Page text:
Author Archives: Ann
“Religious instruction means much more than ordinary instruction. It means that you are to pray with your children, teaching them how to approach Jesus and tell Him all their wants. It means that you are to show in your life that Jesus is everything to you, and that His love makes you patient, kind, forbearing, and yet firm in commanding your children after you, as did Abraham.”
The Adventist Home, 317
When I was young, I looked forward to the arrival of the fall department store catalogs in the mail. I would spend hours poring over the ‘wish books’ making lists of things that I wanted to save up to buy.
I consider these science catalogs are the equivalent of wish books for science-minded homeschoolers. We love to get all four of these catalogs in the mail! My children have marked the pages with kits or equipment that looks exciting to them and made lists of items to save up to purchase. I’ll readily admit that I’ve marked up these science catalogs as well, with all the science curriculum kits, materials and supplements that I’d like to use. I have ordered curriculum materials, lab equipment, microscope slides, dissections sets, etc. from these companies as well and have been nothing but satisfied.
I’ve linked to the catalog request portion of each site, but these companies also have online catalogs as well for immediate browsing.
Welcome to the July 23rd Edition of Show & Share. We look forward to enjoying what you have to share today. For Show & Share ideas and guidelines, read this post
Last week’s post on Delayed Academics mentioned the late Dr. Raymond Moore several times. For those who are not aware, not only was Dr. Moore considered to be the father of the modern homeschooling movement, he and his wife Dorothy were also Seventh-day Adventist. His homeschooling methodology is a practical application of the True Education principles taught in Spirit of Prophecy.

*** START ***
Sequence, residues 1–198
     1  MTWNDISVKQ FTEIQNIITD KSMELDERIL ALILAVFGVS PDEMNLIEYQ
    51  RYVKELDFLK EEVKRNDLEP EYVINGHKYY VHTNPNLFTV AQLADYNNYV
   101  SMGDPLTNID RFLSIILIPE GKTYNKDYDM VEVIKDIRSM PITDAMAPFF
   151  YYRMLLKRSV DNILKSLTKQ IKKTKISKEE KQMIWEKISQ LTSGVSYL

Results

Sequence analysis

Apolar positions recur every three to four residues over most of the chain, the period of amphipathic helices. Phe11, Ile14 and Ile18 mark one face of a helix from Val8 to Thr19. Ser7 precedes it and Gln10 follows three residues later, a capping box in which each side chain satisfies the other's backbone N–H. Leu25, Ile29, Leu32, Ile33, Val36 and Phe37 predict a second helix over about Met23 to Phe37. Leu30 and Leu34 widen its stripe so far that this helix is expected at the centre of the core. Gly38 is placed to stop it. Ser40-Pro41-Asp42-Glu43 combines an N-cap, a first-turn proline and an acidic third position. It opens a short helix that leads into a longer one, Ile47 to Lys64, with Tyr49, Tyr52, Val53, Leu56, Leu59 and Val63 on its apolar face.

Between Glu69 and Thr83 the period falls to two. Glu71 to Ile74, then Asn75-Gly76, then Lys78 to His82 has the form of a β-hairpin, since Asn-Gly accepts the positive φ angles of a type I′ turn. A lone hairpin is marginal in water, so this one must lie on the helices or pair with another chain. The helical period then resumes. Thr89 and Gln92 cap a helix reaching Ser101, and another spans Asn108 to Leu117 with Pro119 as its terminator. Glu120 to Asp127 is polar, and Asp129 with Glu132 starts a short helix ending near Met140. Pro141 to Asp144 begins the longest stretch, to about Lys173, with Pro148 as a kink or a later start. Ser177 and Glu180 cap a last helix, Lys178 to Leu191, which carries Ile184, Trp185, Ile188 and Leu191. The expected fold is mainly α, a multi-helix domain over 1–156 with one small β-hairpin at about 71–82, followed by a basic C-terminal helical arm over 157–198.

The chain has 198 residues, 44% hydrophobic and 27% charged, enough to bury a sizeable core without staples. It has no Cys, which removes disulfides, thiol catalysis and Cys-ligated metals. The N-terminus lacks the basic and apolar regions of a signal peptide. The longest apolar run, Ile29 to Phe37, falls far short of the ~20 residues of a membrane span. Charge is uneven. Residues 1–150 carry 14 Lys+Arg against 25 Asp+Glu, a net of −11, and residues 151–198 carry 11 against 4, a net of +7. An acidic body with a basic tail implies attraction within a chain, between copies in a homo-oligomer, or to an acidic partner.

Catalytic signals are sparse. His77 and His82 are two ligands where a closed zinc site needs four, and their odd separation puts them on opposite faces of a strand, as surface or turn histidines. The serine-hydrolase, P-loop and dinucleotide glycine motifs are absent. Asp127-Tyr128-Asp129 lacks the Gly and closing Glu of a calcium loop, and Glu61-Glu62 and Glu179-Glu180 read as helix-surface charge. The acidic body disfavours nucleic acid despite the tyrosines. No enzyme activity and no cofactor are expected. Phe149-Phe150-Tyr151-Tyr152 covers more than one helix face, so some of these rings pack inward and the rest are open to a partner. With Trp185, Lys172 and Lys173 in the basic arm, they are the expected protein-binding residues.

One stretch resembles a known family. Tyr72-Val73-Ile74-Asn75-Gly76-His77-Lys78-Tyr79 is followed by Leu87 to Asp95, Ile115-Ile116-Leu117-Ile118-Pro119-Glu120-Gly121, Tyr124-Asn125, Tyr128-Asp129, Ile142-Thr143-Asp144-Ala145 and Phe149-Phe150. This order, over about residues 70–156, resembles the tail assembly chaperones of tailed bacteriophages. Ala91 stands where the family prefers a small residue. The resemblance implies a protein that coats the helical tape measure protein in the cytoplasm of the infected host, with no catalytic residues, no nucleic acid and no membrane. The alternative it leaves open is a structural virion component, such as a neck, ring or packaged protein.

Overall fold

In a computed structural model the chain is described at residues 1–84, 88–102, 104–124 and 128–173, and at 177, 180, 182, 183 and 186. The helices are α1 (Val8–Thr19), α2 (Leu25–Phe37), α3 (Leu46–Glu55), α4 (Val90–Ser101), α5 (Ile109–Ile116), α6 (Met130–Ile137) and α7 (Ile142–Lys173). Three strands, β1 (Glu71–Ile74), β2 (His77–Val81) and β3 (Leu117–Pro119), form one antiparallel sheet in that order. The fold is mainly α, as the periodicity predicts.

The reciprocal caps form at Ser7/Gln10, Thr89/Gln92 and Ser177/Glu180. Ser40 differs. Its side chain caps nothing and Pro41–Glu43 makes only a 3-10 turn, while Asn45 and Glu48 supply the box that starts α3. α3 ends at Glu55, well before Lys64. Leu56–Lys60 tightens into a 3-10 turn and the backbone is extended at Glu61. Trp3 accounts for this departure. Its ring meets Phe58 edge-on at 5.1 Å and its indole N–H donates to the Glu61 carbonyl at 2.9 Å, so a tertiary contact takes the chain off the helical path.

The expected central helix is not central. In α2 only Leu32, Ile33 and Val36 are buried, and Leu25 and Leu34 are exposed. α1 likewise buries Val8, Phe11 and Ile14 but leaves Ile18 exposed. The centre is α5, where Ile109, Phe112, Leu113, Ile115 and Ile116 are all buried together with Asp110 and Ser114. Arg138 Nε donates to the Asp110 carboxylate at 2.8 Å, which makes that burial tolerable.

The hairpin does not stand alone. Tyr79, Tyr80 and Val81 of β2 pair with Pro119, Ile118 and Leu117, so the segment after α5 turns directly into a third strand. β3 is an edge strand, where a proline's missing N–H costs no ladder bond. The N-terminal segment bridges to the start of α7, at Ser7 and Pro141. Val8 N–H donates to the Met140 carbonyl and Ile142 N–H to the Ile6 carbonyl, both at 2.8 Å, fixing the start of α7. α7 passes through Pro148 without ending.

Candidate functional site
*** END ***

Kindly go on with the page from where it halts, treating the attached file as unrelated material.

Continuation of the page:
Ellen Dana from the Moore Academy was interviewed by thatmom.com in 2009 about the Moore Formula and delayed academics. In addition The Moore’s daughter , Kathy Kordenbrock, was also interviewed. These podcasts are timeless and invaluable inspiration for both new and veteran homeschool families. Listen and gain a clearer understanding of how delayed academics and the Moore Formula can be a blessing in your home.
The podcasts are also available on itunes – look for thatmom’s podcasts 93-100.
“From a child, Timothy knew the Scriptures; and this knowledge was a safeguard to him against the evil influences surrounding him, and the temptation to choose pleasure and selfish gratification before duty. Such a safeguard all our children need; and it should be a part of the work of parents and of Christ’s ambassadors to see that the children are properly instructed in the word of God.”
Gospel Workers 1892, pg 16
What does delayed academics look like in a homeschool program? How do families come to choose this important educational philosophy? Here are four collected articles from around the web that begin to answer this question.
In On Waiting for Reading Readiness, a homeschooling mother shares how she grew into the understanding of waiting until her daughter was ready to read.
Another mother shares in Methods Monday: Delayed Academics what the concept looks like in her home with her children.
Dawnita explains in Delayed Academics how the first book she read on homeschooling introduced her to the idea of delayed academics.
The Moore Formula is the first introduction many homeschooling families have to delayed academics. This summary article of the Moore Formula describes what homeschooling looks like when you put off formal instruction.
” Let the children be patiently and kindly restrained from evil. This restraint, ministered with mercy and tenderness, exercised intelligently, will be a constant school for the children. There are different temperaments in the family, and it is often necessary to let patience have her perfect work. “
Manuscript Releases Volume 15, pg 44